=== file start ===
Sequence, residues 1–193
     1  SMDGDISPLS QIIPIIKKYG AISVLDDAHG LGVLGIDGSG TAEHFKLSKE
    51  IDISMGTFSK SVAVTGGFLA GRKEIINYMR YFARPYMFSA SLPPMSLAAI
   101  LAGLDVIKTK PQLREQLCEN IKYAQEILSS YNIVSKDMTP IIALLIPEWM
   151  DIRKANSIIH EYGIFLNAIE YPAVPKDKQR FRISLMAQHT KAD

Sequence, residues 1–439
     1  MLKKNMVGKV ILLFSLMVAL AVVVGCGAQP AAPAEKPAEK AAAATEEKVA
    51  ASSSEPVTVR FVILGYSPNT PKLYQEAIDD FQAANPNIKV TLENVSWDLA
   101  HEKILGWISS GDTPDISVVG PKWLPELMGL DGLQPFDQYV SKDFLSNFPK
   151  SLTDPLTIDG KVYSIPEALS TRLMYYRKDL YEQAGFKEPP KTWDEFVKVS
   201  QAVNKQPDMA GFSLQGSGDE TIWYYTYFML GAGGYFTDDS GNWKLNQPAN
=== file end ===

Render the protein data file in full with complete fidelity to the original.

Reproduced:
Sequence, residues 1–193
     1  SMDGDISPLS QIIPIIKKYG AISVLDDAHG LGVLGIDGSG TAEHFKLSKE
    51  IDISMGTFSK SVAVTGGFLA GRKEIINYMR YFARPYMFSA SLPPMSLAAI
   101  LAGLDVIKTK PQLREQLCEN IKYAQEILSS YNIVSKDMTP IIALLIPEWM
   151  DIRKANSIIH EYGIFLNAIE YPAVPKDKQR FRISLMAQHT KAD

Sequence, residues 1–439
     1  MLKKNMVGKV ILLFSLMVAL AVVVGCGAQP AAPAEKPAEK AAAATEEKVA
    51  ASSSEPVTVR FVILGYSPNT PKLYQEAIDD FQAANPNIKV TLENVSWDLA
   101  HEKILGWISS GDTPDISVVG PKWLPELMGL DGLQPFDQYV SKDFLSNFPK
   151  SLTDPLTIDG KVYSIPEALS TRLMYYRKDL YEQAGFKEPP KTWDEFVKVS
   201  QAVNKQPDMA GFSLQGSGDE TIWYYTYFML GAGGYFTDDS GNWKLNQPAN